Get our newsletter delivered directly to your inbox
I have already subscribed | Do not show this message again
Your email has been successfully registered.
The infant from Guatemala, who has not been identified, died after being released from U.S. Customs and Border Protection custody.
A two-year-old boy from Guatemala died in a United States custody, a little over a month after he and his mother crossed the U.S.-Mexico border and were apprehended by U.S. authorities, according to the Guatemalan consul in Del Rio, Texas. The toddler's cause of death has yet to be determined.
The death comes during the biggest surge of migrants on the U.S.-Mexico border in a decade. More Guatemalans are crossing the border than citizens of any other nation, Reuters reported.
The family entered the U.S. from Juarez City, Mexico, in early April. They were apprehended on April 3 on the north bank of the Rio Grande in central El Paso, Texas, according to U.S. Customs and Border Protection.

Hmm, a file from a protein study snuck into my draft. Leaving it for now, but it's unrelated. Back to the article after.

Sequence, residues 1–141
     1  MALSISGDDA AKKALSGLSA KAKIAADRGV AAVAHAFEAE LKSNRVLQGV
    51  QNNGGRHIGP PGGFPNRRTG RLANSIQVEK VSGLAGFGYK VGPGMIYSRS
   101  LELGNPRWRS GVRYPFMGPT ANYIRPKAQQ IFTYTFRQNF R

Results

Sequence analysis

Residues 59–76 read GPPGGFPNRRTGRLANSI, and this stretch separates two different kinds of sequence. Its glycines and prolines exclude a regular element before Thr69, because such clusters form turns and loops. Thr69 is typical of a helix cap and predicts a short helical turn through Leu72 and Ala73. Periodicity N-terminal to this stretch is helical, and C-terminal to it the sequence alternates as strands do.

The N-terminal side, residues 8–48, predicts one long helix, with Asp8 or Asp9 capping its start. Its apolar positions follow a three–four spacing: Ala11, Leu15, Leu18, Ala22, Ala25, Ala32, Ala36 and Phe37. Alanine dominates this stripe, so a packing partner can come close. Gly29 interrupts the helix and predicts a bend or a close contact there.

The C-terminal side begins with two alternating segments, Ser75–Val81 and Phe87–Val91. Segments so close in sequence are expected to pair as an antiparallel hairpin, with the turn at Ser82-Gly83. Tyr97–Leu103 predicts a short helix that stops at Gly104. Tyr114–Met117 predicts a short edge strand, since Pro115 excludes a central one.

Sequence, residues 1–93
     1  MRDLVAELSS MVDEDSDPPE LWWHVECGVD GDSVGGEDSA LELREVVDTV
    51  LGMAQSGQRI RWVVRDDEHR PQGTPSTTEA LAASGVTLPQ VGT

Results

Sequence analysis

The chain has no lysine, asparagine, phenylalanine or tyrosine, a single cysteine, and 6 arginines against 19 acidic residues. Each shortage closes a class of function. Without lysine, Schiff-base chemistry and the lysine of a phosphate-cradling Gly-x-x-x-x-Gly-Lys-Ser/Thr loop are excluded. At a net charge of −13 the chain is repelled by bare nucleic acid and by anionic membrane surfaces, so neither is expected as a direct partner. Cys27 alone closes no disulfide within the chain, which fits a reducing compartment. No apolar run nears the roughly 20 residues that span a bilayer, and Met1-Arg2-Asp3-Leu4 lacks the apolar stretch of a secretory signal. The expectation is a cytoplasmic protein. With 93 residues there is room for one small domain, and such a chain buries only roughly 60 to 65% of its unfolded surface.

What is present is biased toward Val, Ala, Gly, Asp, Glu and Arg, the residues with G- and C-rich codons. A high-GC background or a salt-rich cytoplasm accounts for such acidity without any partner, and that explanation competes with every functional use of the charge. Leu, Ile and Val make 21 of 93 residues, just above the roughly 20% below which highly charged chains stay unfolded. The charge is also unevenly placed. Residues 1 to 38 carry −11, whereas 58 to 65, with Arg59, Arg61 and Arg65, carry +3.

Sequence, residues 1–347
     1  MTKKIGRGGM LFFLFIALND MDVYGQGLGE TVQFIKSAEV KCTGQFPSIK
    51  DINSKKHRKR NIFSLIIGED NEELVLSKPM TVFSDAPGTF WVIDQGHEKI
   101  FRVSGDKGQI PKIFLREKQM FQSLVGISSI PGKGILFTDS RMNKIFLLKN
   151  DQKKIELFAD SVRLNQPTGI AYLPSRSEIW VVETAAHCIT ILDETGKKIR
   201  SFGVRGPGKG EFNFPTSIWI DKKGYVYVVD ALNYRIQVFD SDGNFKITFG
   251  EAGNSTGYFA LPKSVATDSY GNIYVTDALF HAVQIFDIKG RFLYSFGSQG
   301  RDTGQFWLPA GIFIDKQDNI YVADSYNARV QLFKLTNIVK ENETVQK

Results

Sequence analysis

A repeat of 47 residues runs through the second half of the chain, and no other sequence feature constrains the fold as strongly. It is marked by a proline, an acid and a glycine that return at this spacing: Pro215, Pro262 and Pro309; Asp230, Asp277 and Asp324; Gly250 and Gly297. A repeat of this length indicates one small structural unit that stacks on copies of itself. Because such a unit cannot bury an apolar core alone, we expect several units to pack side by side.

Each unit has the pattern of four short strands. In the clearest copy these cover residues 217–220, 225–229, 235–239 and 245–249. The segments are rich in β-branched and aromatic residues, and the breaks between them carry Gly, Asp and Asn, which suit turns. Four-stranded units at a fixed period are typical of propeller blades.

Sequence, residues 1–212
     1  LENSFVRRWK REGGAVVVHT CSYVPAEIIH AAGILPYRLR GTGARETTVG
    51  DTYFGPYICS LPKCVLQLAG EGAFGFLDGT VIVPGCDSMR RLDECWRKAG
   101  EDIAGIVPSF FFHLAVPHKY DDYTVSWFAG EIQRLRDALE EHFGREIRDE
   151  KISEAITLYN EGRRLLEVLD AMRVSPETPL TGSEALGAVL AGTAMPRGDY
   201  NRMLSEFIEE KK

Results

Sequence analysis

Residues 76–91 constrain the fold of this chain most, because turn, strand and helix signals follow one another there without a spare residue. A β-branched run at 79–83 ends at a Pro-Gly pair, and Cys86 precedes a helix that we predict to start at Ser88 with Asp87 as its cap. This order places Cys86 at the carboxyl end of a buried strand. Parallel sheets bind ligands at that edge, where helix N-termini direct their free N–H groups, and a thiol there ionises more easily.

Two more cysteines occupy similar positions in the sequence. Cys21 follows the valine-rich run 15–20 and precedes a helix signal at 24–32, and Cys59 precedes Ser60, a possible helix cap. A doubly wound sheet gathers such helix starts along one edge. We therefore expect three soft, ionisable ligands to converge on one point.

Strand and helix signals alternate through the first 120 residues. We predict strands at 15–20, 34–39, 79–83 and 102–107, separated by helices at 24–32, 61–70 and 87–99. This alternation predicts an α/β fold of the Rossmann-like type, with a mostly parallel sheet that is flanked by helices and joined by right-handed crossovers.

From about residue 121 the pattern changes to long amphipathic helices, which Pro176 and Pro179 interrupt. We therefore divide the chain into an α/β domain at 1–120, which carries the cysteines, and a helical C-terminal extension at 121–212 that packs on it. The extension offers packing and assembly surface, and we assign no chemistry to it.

The boy, who remains unidentified, is the fourth migrant child to die since December after being apprehended and held by U.S. authorities at the southern border.
In December, Jakelin Caal Maquin, 7, and Felipe Gomez Alonzo, 8, died in custody.
On April 30, 16-year-old Juan de Leon Gutierrez died of a brain infection. He was arrested on April 19 after crossing the border near El Paso and was transferred to a shelter for minors.
U.S. President Donald Trump Thursday promised changes in the nation's immigration system to restrict green cards to immigrants who can speak a certain level of English, are well-educated and have job offers within the country. He also pledged to further limit grants on asylum.
"If you do not have a legitimate asylum claim, you will be quickly returned home," Trump told reporters gathered in the White House garden May 16.
"Our goal in the short term is to make sure that we are laying out what the President's policy is in terms of what he's looking for from immigration reform, and we would like to see if we could get the Republican Party to come together on these two pillars, which we think is a very, very logical, very mainstream point of view," a senior U.S. official, who requested anonymity, told journalists at the White House.